Senators Maggie Hassan (D-N.H.) and Rob Portman (R-Ohio) last week reintroduced legislation directing the Department of Homeland Security to create teams that would help other federal agencies and the private sector in responding to cyber incidents and identifying potential risks.

The DHS Cyber Hunt and Incident Response Teams Act (S. 315) would make the cyber hunt and incident response teams permanent.

Sen. Maggie Hassan (D-N.H.)

“By encouraging the private sector and the Department of Homeland Security’s cyber response teams to work together, this legislation will foster collaboration between the best minds in the field of cyber security to help find off cyber-attacks and protect vital infrastructure,” Hassan said in a statement.

The bill was introduced on Jan. 31 and is included on the Senate’s Homeland Security and Governmental Affairs Committee’s list of legislation to be considered. The bill was introduced last year by Hassan and Portman and reported out of committee in early December.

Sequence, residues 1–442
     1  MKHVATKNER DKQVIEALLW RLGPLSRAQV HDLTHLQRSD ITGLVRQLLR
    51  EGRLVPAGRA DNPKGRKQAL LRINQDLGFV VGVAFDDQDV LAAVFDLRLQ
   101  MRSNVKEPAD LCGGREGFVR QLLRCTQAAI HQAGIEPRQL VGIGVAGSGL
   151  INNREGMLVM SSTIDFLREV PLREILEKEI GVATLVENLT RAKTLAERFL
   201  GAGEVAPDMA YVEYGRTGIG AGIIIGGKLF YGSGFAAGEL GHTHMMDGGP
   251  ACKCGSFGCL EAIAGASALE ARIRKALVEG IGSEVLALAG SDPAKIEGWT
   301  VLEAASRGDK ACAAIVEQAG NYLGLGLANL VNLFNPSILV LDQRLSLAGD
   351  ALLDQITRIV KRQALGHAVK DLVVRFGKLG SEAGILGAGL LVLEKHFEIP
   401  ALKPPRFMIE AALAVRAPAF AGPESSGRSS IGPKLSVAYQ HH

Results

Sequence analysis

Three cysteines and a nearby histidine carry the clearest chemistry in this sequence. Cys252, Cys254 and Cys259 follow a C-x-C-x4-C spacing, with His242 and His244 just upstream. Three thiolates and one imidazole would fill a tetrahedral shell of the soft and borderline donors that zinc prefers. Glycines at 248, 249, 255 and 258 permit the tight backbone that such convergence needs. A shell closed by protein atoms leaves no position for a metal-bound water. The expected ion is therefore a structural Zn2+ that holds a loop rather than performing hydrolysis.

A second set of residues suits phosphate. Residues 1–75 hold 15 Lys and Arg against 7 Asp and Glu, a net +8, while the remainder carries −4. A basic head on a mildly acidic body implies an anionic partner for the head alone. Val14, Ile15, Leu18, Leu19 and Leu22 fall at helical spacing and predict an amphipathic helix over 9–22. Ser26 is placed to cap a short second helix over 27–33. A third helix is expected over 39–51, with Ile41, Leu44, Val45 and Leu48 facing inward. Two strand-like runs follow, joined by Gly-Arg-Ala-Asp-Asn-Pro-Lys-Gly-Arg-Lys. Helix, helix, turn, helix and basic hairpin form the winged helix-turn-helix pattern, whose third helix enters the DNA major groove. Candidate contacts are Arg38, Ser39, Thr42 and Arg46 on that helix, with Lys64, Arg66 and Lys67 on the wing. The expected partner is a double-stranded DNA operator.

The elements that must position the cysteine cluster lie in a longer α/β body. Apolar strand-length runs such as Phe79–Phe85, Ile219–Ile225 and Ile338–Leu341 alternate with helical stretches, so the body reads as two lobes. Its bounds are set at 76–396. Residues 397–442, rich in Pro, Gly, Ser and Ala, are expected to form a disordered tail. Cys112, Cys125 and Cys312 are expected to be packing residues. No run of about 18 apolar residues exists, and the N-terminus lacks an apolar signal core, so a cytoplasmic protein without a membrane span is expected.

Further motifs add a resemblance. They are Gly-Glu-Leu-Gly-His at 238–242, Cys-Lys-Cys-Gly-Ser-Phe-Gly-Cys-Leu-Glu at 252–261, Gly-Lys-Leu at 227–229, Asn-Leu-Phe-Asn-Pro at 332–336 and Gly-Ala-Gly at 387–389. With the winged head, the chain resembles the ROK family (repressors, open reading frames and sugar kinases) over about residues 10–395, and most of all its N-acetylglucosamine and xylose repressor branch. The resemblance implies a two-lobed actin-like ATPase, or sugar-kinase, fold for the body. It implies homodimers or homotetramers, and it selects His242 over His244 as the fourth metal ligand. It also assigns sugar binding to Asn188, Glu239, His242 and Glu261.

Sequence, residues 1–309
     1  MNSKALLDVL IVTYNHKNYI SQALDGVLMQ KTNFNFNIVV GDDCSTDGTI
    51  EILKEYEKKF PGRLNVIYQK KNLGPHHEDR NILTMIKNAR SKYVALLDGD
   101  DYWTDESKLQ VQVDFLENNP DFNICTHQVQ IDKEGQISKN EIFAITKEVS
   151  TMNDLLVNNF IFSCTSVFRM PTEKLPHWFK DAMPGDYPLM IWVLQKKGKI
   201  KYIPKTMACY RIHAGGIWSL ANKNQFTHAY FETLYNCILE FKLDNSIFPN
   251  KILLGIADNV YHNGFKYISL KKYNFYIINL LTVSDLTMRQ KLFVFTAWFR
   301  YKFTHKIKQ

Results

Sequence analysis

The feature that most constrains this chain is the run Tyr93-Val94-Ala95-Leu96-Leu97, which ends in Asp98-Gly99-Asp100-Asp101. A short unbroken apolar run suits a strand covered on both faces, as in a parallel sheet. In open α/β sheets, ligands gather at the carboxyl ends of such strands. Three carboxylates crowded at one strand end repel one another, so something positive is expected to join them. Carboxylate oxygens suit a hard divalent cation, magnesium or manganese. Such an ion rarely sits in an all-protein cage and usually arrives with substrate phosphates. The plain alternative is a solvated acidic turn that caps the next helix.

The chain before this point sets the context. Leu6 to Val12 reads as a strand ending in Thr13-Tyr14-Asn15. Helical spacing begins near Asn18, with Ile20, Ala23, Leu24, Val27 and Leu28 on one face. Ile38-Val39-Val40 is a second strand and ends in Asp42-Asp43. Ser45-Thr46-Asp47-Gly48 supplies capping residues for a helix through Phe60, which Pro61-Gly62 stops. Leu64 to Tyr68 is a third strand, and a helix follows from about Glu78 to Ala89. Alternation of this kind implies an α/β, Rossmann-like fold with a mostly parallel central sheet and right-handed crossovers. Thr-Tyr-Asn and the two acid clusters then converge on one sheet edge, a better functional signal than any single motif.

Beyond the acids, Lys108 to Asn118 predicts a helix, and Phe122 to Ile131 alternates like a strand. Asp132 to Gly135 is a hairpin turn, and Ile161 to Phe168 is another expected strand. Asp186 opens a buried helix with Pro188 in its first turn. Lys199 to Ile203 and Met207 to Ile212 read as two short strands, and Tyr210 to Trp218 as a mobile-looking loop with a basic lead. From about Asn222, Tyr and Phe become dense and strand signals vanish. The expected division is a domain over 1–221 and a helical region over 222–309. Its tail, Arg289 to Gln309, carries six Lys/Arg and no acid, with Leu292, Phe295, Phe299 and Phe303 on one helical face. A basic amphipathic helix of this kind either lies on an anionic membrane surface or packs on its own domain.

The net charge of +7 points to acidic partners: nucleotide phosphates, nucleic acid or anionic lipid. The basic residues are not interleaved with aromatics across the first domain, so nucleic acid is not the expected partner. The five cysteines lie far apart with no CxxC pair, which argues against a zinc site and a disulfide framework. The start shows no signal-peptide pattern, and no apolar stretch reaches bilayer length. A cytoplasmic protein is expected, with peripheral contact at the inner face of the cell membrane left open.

Rep. Michael McCaul (R-Texas), the former chairman of the House Homeland Security Committee and now ranking member on the Foreign Affairs Committee, last year introduced a companion bill in the House.

Hassan and Portman said their bill authorizes the DHS cyber teams to assist owners and operators of critical infrastructure in restoring services after a cyber incident, develop mitigation strategies to prevent, deter and protect against cyber threats, provide recommendations to owners and operators to improve their network security, and identify potential cyber intrusions and risk to DHS partners.

The press release issued by the senators says the authorities would be given to the DHS National Protection and Programs Directorate, which is now the Cybersecurity and Infrastructure Security Agency.

Last year, Hassan and Portman were successful in getting two of their bipartisan cyber security bills passed into law. The Hack DHS Act requires DHS to use “white hat” hackers to probe for vulnerabilities on the department’s networks and the Public-Private Cybersecurity Cooperation Act that requires the department to disclose vulnerabilities on its networks.